Sense of urgency palpable as Colorado River conference closes
Scientists and state, federal and tribal officials expressed the need for swift action in the face of a mounting water shortage as a major conference about the Colorado River wrapped up in Las Vegas Thursday.
The river, which supplies power and water to 40 million people living in towns, farms and reservations across the West, is at a tipping point. Its two largest reservoirs – Lake Powell and Lake Mead – are at their lowest levels on record, and the unseasonably warm and dry winter hints at the crisis only deepening.
If severe drought conditions persist, one the region’s largest sources of hydropower, the Glen Canyon Dam in Lake Powell, could stop producing power as early as next summer, according to recent federal projections. The dam provides electricity to millions of users in the West. If it fails authorities will need to find other sources to replace that power, which could raise costs for homes and businesses.
Some states did agree to a new deal that will keep more water in Lake Mead, but leaders, including Assistant Interior Secretary Tanya Trujillo, acknowledged the region needs more substantial changes.
“In addition to the short-term emergency decisions we will be making, we also need to be very real about the challenge of building long-term solutions in this basin,” he said.
Some scientists and tribal officials said incremental changes in managing the river’s water supply are woefully insufficient and called for immediate and wide-ranging conservation measures.
“We have to think swiftly,” said Crystal Tulley-Cordova, principal hydrologist for the Navajo Nation. “Otherwise, we will continue to be in the situation that we are in, or even in worse circumstances.”
Next year officials will begin negotiating new rules for managing the river. They’ll replace existing shortage sharing guidelines that expire in 2026. Tribes have been historically excluded from these negotiations, but the conference reflected the growing expectation that tribes in the Southwest will play an integral role going forward.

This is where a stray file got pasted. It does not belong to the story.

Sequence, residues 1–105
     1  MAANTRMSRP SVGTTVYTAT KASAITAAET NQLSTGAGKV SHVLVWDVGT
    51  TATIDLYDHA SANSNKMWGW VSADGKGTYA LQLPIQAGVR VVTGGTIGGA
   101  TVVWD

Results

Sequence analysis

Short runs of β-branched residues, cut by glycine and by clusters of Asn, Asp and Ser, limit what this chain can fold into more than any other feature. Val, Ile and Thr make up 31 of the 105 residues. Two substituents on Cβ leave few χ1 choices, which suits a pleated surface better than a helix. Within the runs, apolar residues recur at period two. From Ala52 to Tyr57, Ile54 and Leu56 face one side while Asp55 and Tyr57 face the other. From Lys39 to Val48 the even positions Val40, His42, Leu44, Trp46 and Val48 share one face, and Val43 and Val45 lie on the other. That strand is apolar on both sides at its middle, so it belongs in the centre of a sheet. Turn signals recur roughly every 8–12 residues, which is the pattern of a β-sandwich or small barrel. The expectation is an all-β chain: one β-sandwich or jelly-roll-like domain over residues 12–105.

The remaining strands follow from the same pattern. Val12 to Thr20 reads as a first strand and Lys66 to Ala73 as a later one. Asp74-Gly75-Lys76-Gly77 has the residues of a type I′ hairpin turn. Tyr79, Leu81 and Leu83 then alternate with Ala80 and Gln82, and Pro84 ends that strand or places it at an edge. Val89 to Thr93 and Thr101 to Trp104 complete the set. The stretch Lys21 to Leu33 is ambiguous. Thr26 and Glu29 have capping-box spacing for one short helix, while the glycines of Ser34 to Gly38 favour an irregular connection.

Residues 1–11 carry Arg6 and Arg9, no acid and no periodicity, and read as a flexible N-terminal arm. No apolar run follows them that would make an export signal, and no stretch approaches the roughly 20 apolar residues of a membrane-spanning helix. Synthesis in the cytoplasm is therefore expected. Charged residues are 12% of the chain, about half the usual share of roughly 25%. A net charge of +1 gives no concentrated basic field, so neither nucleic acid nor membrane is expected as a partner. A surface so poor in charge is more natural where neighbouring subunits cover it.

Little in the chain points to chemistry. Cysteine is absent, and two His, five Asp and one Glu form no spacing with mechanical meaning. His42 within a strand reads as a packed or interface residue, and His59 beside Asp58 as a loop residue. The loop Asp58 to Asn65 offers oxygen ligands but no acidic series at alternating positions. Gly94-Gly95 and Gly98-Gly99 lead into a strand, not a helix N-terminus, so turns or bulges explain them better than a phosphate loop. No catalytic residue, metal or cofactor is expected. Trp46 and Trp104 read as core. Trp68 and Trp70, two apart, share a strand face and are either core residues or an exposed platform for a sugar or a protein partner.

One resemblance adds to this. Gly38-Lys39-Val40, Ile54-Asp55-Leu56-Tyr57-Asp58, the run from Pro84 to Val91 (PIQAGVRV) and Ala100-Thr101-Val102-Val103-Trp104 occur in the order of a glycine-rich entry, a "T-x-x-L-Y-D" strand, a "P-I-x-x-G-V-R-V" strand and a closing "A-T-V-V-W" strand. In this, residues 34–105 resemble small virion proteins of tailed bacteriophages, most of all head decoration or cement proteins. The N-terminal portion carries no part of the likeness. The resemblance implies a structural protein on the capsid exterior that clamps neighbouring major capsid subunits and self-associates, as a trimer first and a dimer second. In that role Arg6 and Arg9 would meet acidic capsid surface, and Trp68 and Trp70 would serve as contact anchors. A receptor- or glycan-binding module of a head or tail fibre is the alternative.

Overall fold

Dwight Lomayesva, vice chairman of the Colorado River Indian Tribes in Arizona, said his tribes do have a seat at the table this time around and will attend meetings next spring. But he’s also skeptical about how much of a voice Indigenous people will have.
“We’re always a victim of a lot of promises but no results,” he said. “That’s been our history, so it’s kind of a wait and see right now.”
The Colorado River Indian Tribes have some of the most senior water rights in the Colorado River Basin.They’ve been fallowing fields in an effort to conserve water, which is costing the tribes an estimated $25 million in crop losses. They are also supporting federal legislation that would allow them to lease some of their water to cities or towns off reservation that are suffering shortages.
“We just want to be able to control our water and be able to do what we want with our water,” said Robert Page, a councilman with the Colorado River Indian Tribes. “We’re a sovereign nation.”
Correction: A previous version of this story incorrectly stated the 1922 Colorado River Compact expires in 2026. The current water shortage sharing guidelines for the river expire in 2026 but the original, historic agreement still stands.
This story was produced by the Mountain West News Bureau, a collaboration between Wyoming Public Media, Nevada Public Radio, Boise State Public Radio in Idaho, KUNR in Nevada, the O'Connor Center for the Rocky Mountain West in Montana, KUNC in Colorado, KUNM in New Mexico, with support from affiliate stations across the region. Funding for the Mountain West News Bureau is provided in part by the Corporation for Public Broadcasting.